undersmile

“Sky Burial” works with similar explosive tendencies, and by the time it’s done, Undersmile‘s intent to absolutely overwhelm their audience is writ large. Pushing toward the midsection, “Song of Stones” builds to a heavy push in its middle and again near the end — strings coming forward around the halfway point of the track only to be consumed by the grueling distortion captured at Skyhammer Studio by producer Chris Fielding (also of Conan), reappear, and be swallowed again for the effort. Take that, any sense of hope whatsoever. Centerpiece “Atacama Sunburn” would seem to draw together a water theme present in the band’s past works — Narwhal had its nautical moments, as did Wood and Wire, and even their 2010 debut EP, A Sea of Dead Snakes, was a sea — and a huge vision of waves remains an appropriate image for the undulating force of Undersmile‘s groove — but the real standout of Anhedonia is “Aeris,” which follows.

As one would expect of Undersmile at this point in their tenure, it’s consistent atmospherically with its surrounding pieces, but “Aeris” offers a melodic fullness all its own, and it doesn’t quite stand in contrast to what’s around it, but it marks a definite broadening of the context. It winds up affecting the listening experience for “Emmenagogue” and closer “Knucklesucker” as well, though the finale has its own intentions, which it keeps secret almost to the very end as if to see who among those who’ve taken Anhedonia on might make it that far. After an oozing linear build for its first nine minutes, feedback transitions into faster (gasp!) riffing that solidifies around McKibbin‘s drums and shifts into a more ’90s-style noise rock, the repeated lines, “I don’t feel hollow/I don’t feel sorrow/I don’t feel anything, really,” metered out over a push of growing intensity. It slows down prior to deconstructing at the finish, but even if for just a minute, Undersmile proved it’s possible to make a sound of such enduring thickness move, and I wouldn’t be at all surprised to find them pushing it further next time.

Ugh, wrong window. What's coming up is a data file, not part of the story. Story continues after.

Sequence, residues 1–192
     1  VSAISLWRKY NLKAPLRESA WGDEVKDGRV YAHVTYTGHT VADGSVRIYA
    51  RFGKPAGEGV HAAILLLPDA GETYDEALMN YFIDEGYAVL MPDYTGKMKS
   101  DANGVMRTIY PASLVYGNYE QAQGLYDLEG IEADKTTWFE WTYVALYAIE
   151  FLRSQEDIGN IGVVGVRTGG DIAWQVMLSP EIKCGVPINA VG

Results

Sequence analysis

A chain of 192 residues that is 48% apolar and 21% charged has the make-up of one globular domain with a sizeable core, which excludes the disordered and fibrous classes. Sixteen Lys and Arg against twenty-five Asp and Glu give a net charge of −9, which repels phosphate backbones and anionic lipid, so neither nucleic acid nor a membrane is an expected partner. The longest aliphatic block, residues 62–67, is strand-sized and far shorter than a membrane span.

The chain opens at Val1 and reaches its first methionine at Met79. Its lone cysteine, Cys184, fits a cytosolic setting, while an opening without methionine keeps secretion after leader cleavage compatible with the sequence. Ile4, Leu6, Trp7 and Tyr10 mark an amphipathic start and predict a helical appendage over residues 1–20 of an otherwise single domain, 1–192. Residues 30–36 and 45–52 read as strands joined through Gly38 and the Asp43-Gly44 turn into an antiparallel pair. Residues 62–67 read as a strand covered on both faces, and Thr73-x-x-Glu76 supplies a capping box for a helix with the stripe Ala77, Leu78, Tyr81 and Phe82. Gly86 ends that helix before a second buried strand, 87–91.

Of course, with that there comes a full 74 minutes of suffocating doom, but that’s precisely the point. Undersmile‘s intent isn’t to make it easy on the listener, but to challenge their audience to plunge these emotional and sonic depths with them. As a result, Anhedonia is successful because it feels throughout its course like the four-piece are dragging you along with them on their slog through this oppressive ambience. The party album of 2015 it ain’t, but in its progression beyond what Undersmile have done before, for a more personal feel throughout and for the still-monstrous scope with which it plays out, it’s hard not to stand in awe of the wide waters the band continue to cast, be haunted by the otherworldly presence in their melodies and get lost in the tidal sway of their rhythms.